Now that the decorations are down and the kids in their second week of home schooling, it’s time for three new load cell projects that caught our eye for 2021.
Testing Australia’s infrastructure
A new testing facility has been unveiled at Melbourne’s Monash University. The snappily named National Drop Weight Impact Testing Facility (NDWITF) is
“Designed to improve the structural safety of infrastructure and provides an advanced platform for researchers, industry and students to pursue innovation in design and construction.”
The largest of its kind in Australia, the facility will be used to test the safety of elements, including construction materials, in high-risk infrastructures such as bridges, tunnels, road safety barriers. It will also help research into industry -specific issues, such as excavation, blasting and rock fragmentation in mining.
The structure can inflict an impact of up to two tonnes at a velocity of up to 18m/s. Two columns guide the hammer, which is tracked using a laser sensor. Whilst other drop weight rigs depend on gravity and drop height for their force, this testing facility uses gravity and a set of springs, so the impact can be accurately varied. According to Head of Structural Engineering, Professor Amin Heidarpour MIEAust, who developed the facility:
“This is a unique technology delivering complete 3D surface, displacement and strain results in lieu of using a large number of traditional measuring devices, such as strain gauges, LVDTs (linear variable differential transformers) and extensometers. Moreover, the impact force is accurately measured through load cells in shunt mode embedded in the hammer.”
Protecting subsea cables on offshore wind farms
The sea is an unforgiving mistress. The constant movement of waves and tide can cause damage to array cables, the power cables that link all the turbines on a site together. This can cause reduced efficiency and even break the cables altogether. A team from Southampton developed a retrofit solution that monitors the movement, logs the data via eight data loggers and send it to an enclosure a unit mounted higher up on the turbine. According to an article in Offshore Engineer digital magazine:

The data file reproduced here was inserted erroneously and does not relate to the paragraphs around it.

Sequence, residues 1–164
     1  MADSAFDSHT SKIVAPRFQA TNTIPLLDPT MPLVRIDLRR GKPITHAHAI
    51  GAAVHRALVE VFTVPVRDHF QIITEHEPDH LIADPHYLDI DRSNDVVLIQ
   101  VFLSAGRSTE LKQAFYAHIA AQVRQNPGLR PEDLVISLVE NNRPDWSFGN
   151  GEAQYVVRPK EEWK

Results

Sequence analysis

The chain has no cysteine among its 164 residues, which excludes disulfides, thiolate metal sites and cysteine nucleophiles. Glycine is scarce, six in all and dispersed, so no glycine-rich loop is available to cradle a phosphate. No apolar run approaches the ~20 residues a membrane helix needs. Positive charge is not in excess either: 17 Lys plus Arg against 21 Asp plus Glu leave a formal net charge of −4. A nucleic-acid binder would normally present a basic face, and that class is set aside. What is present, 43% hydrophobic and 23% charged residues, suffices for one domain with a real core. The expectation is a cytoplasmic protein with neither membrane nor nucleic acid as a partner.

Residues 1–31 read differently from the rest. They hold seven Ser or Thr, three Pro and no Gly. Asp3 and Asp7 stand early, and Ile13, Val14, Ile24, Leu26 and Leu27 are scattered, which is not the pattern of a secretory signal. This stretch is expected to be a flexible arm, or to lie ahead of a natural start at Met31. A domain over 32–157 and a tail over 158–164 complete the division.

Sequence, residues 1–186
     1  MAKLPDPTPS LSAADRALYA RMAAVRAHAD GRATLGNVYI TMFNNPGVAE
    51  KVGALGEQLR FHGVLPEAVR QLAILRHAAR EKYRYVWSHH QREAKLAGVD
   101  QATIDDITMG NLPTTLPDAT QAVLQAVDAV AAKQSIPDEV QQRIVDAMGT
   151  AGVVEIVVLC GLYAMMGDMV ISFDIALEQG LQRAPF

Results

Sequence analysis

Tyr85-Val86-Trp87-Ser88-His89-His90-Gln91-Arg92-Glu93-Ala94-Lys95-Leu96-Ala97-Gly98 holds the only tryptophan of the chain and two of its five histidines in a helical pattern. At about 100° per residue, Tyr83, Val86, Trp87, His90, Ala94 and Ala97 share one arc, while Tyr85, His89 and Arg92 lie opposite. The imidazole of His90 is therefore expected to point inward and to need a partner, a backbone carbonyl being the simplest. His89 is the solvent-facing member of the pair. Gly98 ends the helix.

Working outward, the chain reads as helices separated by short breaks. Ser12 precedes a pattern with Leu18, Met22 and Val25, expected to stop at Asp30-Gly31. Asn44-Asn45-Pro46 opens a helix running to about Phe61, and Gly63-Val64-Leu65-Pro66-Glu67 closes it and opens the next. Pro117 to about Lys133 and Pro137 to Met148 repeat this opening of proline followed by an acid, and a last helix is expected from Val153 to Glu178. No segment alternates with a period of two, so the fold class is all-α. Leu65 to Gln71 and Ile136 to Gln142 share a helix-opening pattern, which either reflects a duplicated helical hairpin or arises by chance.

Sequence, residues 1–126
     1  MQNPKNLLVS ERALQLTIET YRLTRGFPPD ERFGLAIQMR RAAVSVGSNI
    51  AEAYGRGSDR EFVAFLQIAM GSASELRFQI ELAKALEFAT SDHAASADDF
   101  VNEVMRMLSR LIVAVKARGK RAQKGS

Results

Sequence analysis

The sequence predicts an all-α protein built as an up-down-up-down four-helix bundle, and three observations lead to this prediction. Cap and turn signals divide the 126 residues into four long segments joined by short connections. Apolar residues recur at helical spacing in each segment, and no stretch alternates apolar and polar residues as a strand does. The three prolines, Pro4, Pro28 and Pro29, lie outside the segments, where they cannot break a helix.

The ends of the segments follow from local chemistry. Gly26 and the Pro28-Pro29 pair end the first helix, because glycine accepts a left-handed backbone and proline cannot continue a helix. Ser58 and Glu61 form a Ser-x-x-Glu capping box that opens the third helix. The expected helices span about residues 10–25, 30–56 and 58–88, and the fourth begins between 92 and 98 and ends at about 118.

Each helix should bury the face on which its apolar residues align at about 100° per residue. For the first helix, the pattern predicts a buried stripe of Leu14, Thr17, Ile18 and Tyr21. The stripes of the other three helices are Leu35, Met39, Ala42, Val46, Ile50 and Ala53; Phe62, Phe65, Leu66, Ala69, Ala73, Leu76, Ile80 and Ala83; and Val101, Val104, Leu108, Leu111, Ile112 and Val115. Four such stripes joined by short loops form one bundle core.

“The system comprises three dual-axis shear pin load cells, two accelerometers, and a programmable logic controller (PLC). The shear pin load cells are dual-axis shear pins that measure forces across two planes in the positive and negative directions. The working load limit (WLL) of each plane is 50kN, in both the positive and negative direction.”
Take to the road: testing the Ducati Multistrada V4
The new version of this Ducati motorbike isn’t just about the unique gearbox, the optical rdar system, or even the extra padding on the passenger seat. The design team completely redesigned the engine too, to give this long distance bike smoothness at low revs and super sports performance speed at high revs.
As Gianluca Zattoniu and Vincenzo De Silvio of the development team at Ducati explain in an article for Engineer Live magazine:
“For the new valve train countless tests have been carried out, ranging from preliminary measurements with laser instruments, strain gauges and load cells, to a motoring test of over a hundred million cycles. That took more than 20 days non-stop … When we were happy with the lab tests, we started sending our testers around the roads of Italy, to ride up to 120,000km on every single vehicle.”
If you’re tempted, you can configure your own Ducati Multistrada V4, starting from £15.5K for the basics. And if your passenger wants their new more comfortable padded seat heated as well, thats just an extra £129.60.